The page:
Md iet, you are wasting everyone's time. I've read each of your 'sources': (1) None of them support your diagram: they don't describe the prophets' ancestry. The first three just list/discuss the important prophets. There is no (or almost no) information on the their descent and ancestry - and certainly nowhere near enough to support the diagram. As far as the last one is concerned, all it says is that Arabs are descended from Ishmael and Jews from Isaac. (2) There is nothing in any of them to say that Muhammad's genealogical relationship to the other prophets is important to Islam. In fact, I would say that this one, if anything, supports the view tbat ancestry is not important. It discusses how a prophet can be recognised (attributes etc) and ancestry is not mentioned.(3) As Qwyrxian says, these are not compliant with WP:RS anyway - not that it matters because they don't support your case. DeCausa (talk) 15:06, 21 January 2011 (UTC)
Qwyrxian, I accept what you say about notability etc. but it isn't just about consensus, I think it's also about WP:INDISCRIMINATE. DeCausa (talk) 18:02, 21 January 2011 (UTC)
The sources pointed out is just to justify that selected are prominent for Islam. For ancestory sources are already mentioned in all the articles concerned. As suggested by editor Wiqi, even all the individual link can be discussed and have reliable sources.

The sources pointed out are web sites representing Islamic facts, even Face book ( Yahoo site ( discuss on the prominent prophets and same thing answered their. Wikipedia:RS allow multimedia materials by a reputable third-party properly cited.

Genealogical relationship have its own importance. I suppose Wiki policy don't ask for every information to be important. The web( clearly write: ‘Traditionally, five prophets are regarded as especially important in Islam: Noah (Arabic:Nuh), Abraham (Arabic:Ibrahim), Moses (Arabic:Musa), Jesus (Arabic:Isa) and Muhammad'. This web further list all reference also.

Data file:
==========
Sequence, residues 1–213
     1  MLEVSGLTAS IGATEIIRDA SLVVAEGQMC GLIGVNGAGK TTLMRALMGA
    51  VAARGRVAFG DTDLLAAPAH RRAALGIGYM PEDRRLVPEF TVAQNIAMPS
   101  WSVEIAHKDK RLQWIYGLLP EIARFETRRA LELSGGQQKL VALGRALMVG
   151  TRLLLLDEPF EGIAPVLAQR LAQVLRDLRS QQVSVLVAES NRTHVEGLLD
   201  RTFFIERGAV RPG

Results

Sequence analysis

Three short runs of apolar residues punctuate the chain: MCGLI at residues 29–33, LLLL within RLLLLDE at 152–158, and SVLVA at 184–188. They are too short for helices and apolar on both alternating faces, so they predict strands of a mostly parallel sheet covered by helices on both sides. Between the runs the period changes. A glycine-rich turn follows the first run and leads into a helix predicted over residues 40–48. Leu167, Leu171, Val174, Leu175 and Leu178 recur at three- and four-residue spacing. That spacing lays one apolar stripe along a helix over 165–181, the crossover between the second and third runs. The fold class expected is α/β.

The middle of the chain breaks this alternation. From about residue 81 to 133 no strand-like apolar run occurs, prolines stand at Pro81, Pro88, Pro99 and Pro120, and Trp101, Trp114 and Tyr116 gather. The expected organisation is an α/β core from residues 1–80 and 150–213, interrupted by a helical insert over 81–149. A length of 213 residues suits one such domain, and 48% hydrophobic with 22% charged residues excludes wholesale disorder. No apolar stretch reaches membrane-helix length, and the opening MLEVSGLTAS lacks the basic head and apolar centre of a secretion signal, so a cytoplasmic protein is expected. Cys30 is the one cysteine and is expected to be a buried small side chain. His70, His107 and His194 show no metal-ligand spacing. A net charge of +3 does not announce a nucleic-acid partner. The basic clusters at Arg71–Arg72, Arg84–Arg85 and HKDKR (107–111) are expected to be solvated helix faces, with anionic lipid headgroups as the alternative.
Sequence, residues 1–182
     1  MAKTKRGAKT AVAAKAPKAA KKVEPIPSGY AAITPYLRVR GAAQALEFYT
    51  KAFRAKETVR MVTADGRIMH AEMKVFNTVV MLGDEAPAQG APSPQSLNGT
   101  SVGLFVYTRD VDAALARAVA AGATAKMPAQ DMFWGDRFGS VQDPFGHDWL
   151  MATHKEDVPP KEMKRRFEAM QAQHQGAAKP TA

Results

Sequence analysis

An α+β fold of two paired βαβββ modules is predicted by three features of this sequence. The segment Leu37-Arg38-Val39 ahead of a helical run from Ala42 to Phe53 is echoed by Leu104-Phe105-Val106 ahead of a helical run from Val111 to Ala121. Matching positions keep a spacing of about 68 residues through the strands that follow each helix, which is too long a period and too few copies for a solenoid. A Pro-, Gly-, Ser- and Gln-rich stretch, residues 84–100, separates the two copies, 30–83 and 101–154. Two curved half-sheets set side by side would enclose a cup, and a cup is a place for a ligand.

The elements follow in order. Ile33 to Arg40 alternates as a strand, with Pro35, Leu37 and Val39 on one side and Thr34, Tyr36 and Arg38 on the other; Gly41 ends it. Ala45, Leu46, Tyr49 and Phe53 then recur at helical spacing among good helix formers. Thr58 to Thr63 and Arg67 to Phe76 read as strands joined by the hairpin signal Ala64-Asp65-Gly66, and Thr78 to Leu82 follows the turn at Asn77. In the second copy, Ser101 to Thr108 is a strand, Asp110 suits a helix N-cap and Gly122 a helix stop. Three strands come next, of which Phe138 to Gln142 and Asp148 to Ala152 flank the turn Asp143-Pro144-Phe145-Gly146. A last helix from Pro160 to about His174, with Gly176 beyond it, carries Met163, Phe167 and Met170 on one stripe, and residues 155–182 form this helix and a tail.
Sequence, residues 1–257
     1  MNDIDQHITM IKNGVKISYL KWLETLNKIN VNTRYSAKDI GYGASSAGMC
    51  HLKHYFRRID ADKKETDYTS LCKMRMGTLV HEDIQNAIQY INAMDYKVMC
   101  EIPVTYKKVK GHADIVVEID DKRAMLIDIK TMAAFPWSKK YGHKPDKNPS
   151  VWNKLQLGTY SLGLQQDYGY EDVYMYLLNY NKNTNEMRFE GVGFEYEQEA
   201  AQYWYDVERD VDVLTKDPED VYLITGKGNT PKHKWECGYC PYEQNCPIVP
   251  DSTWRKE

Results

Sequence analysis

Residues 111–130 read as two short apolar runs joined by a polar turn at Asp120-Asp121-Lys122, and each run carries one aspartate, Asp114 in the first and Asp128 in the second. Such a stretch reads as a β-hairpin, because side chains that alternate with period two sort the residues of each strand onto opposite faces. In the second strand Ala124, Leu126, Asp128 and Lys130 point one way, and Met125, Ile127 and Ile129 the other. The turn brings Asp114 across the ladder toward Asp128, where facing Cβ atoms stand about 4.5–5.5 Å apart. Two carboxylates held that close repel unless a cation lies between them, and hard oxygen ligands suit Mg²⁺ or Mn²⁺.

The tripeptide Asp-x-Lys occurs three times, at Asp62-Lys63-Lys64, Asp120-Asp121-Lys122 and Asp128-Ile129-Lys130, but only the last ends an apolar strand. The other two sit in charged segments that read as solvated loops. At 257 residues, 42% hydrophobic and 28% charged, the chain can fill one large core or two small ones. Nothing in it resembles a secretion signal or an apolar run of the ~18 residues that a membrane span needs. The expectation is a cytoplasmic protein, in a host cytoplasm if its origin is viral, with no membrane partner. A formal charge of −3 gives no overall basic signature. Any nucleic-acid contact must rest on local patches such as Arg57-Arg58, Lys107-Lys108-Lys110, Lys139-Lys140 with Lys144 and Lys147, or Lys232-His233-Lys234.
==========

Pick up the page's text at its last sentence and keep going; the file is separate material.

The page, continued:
This is just basic information, simple diagram we want to convey, I don’t know why there is so much fuss about secular/historical/religious /importance/space limitation etc and all type of issues. Anyway no need to waste more time on the the issue, I have given my point of view if readers feels it’s worth inclusion it will find its way.--Md iet (talk) 04:30, 22 January 2011 (UTC)

Decausa here are the other sources which list prophets genealogy and even complete tree is provided: ‘PROPHET MUHAMMAD'S (sa) GENEALOGY ‘

That's all please, Thanks you all.--Md iet (talk) 09:12, 22 January 2011 (UTC)

You're not getting it are you. I don't how many times the same thing can be said. These are just blogs. Read WP:RS before suggesting any more sources. They don't say anything about the genealogy's importance to muslims anyway. DeCausa (talk) 09:44, 22 January 2011 (UTC)

There are various confusing statements but as Qwyrxian explained I can take from above discussion that the information given in template are having reliable sources as per Wiki and eligible for inclusion, but it cannot be included as DeCausa doesn't think its importance for finding space in the article.

If this is the case, I have explained my views on why it is important to include here. Importance of presentation can only be explained, it is very difficult to find further proof for it as it is perception and we may not find reliable sources where exactly it is written that it is important to present in this form in this particular religion. Decausa , please try to understand, my feelings. Now if there is question of getting consensus on importance, this is related with how we perceive the importance for something, we may not find documented proof.It is well known fact that family tree is best way to explain genealogy.

I have already given some evidence that the selected prophet have special importance in Islam, I hope these sources can be counted for strengthening the view, as we cannot include all 25 or more prophets, it will become too clumsy to present.